Diversity as Understood by Manchester University

Joe Blow in the comments under my post on the decline of Manchester University points me towards this post at Harry’s place:

It’s a shame Manchester Uni decided to adopt a policy of Boycott Divestment and Sanctions. I guess now they’ll be off the internet and their students will stop using their Apple Macs and mobiles.

Ah yes, the completely non-racist Manchester Students’ Union that embraces diversity – unless you’re Jewish:

On the night, Jewish students who argued against the motion were made to feel as if their concerns about their potential marginalisation were not being heard. Despite offering alternatives that included creating a discussion forum to engage with the Israeli-Palestinian debate, many on the Senate believed that a targeted BDS tactic was more constructive than any form of engagement.

Criticism of Israel and its policies is not in itself antisemitic, and there is plenty to criticise.  However, when an individual, group, or organisation singles out Israel or Israelis for particular criticism or treatment, or makes opposition to Israel its raison d’être, it is fair to ask what is the driving force behind it.

For example, if somebody says they believe Israel ought not to exist, it is perfectly legitimate to ask whether they believe any of the other 193 United Nations Member States should also not exist.  If the answer is no, as it always is, then one is entitled to draw one’s own conclusions as to why the only country in the world whose existence is forever questioned just so happens to be Jewish.  Similarly, if a university decides to boycott visiting academics from Israel and nowhere else, one may be forgiven for thinking the reasons behind it are rather simple.

Critics of Israel could also avoid charges of antisemitism if they were not so often sharing platforms with openly antisemitic people and their communications didn’t read as though they’d been copied chapter and verse from a Hamas press release.

Those behind the BDS movement, and by association The University of Manchester itself, might claim they are not motivated by hatred of Jews, but the rest of us are free to draw our own conclusions.  It is yet another reason for me to distance myself from my alma mater and to chuck the begging letters in the bin.

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13 thoughts on “Diversity as Understood by Manchester University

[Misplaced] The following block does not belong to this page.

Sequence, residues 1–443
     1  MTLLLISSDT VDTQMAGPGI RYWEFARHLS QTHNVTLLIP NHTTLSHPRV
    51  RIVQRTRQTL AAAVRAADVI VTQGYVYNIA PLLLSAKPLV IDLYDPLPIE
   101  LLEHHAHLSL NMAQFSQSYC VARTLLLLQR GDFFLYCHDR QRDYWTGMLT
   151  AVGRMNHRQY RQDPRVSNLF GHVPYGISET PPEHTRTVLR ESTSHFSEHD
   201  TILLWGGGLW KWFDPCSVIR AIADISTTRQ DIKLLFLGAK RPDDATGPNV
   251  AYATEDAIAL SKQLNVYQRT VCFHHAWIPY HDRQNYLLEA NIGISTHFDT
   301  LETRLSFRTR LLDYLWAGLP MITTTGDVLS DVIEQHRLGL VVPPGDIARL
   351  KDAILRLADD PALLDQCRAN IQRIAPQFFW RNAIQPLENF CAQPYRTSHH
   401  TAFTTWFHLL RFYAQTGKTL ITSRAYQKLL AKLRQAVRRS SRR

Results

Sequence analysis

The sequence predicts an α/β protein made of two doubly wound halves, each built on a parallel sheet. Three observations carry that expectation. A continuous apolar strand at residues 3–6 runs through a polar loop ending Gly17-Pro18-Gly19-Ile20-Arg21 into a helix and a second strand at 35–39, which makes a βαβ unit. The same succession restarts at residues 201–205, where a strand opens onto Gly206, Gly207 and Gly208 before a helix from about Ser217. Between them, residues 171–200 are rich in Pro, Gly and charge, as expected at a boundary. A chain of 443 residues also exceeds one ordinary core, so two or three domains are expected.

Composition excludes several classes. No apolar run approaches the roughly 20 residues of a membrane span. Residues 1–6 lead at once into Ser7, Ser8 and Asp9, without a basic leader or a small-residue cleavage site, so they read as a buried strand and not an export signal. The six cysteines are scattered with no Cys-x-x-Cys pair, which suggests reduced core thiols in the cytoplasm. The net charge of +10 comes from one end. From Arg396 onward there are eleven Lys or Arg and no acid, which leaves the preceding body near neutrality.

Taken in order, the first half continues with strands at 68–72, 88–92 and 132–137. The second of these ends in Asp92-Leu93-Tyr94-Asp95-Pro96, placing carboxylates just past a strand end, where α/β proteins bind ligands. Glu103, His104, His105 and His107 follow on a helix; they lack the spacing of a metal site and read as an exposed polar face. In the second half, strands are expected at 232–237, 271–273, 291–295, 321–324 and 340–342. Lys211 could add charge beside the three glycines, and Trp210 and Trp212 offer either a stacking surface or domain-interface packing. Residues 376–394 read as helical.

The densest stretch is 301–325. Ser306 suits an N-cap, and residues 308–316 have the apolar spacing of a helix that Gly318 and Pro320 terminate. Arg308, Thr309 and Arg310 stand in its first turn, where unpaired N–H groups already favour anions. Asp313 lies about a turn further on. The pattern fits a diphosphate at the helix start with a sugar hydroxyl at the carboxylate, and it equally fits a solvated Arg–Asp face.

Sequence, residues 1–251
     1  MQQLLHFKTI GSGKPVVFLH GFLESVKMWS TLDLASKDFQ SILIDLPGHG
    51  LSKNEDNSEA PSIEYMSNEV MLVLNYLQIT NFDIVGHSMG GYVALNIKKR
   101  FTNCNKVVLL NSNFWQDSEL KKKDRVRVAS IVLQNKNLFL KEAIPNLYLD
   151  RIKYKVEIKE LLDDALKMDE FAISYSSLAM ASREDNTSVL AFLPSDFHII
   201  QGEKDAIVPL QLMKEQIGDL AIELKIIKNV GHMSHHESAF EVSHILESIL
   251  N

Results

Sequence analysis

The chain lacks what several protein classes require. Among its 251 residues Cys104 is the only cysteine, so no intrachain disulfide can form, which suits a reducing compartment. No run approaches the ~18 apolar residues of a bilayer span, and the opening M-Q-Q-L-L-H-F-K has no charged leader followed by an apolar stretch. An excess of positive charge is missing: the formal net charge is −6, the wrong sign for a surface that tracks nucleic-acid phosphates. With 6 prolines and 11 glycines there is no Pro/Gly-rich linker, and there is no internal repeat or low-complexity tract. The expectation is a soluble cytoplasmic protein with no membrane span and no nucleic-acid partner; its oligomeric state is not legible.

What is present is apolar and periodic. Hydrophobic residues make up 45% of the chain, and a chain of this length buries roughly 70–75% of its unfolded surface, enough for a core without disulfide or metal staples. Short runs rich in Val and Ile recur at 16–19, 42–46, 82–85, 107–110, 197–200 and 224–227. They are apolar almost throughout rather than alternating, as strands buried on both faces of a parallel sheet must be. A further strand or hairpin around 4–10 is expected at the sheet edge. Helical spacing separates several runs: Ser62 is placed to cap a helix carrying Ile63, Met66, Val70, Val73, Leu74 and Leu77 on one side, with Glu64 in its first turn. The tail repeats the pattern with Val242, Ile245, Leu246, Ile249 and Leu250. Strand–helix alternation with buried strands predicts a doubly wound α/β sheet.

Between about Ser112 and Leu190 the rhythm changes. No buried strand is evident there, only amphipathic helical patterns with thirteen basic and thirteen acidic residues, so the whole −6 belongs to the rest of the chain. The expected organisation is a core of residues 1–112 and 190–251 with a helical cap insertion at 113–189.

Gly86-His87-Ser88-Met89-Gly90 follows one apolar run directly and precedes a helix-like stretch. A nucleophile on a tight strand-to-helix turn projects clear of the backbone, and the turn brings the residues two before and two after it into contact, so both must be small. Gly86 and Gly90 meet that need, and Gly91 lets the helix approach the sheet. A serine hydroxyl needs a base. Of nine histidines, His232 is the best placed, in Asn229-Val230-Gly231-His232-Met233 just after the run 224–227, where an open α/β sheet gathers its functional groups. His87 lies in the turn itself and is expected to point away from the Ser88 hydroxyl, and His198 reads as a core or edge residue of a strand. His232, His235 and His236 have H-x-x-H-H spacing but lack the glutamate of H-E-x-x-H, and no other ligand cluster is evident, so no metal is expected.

1. Ah the Jewish question in Christian England. Kicked out and barred for life, snuck back in, interbred with the aristocracy, financed Empire and over achieved in the big end of town. What is is it that they are now up to?

  2. My line is always that Israel is probably about 70 per cent wrong in what they do, and Palestine/Gaza/Hamasville or whatever they call themselves these days, are around 95 per cent wrong. You pays your subsidies and you takers your choice.

    OTOH I don’t live in that part of the world, so what do I know?

    Oh yes, I know a Jewish lad who came to live here and signed up for the TA. Even took part in a bayonet charge, and his account of the fight is fascinating. But I did ask him, why choose Britain?

    He said that he read things like the Sharp books as well as military history and came to the conclusion that we Brits punched above our weight in battles, so he wanted to be part of the punching. It may have helped, of course, that he got to punch the Taliban (or Terry as he called them)

  3. If I were a gay atheist male/ independent minded female Arab from a Muslim background, there is only one country in the ME in which I would receive equal protection under the law.

  4. I would add that if you take any old antisemitic myth about Jews running all the banks, trading in children’s body parts, controlling the world’s governments from behind the scenes etc, and then replace the word ‘jew’ with ‘Israeli’, you really aren’t fooling anyone.

  5. “If I were a gay atheist male/ independent minded female Arab from a Muslim background, there is only one country in the ME in which I would receive equal protection under the law.”
    Don’t need to mention gay atheists. There is only one country in the ME where I would feel safe going to church.

  6. Bardon,

    What is is it that they are now up to?

    From what I can tell, hatred of Jews seems to stem mostly from the fact that they cooperate with one another to a greater extent than other groups and exhibit general competence, hence they often find themselves doing rather well in comparison to those around them.

  7. Well they do seemed to have moved up the dung heap a bit from the bad old days of blood libel, poisoning wells and spreading the plague.

  8. Stephen K,

    It is also the only middle eastern country where you would feel safe going to a mosque.

  9. ‘It is also the only middle eastern country where you would feel safe going to a mosque.’
    Very true and well said.

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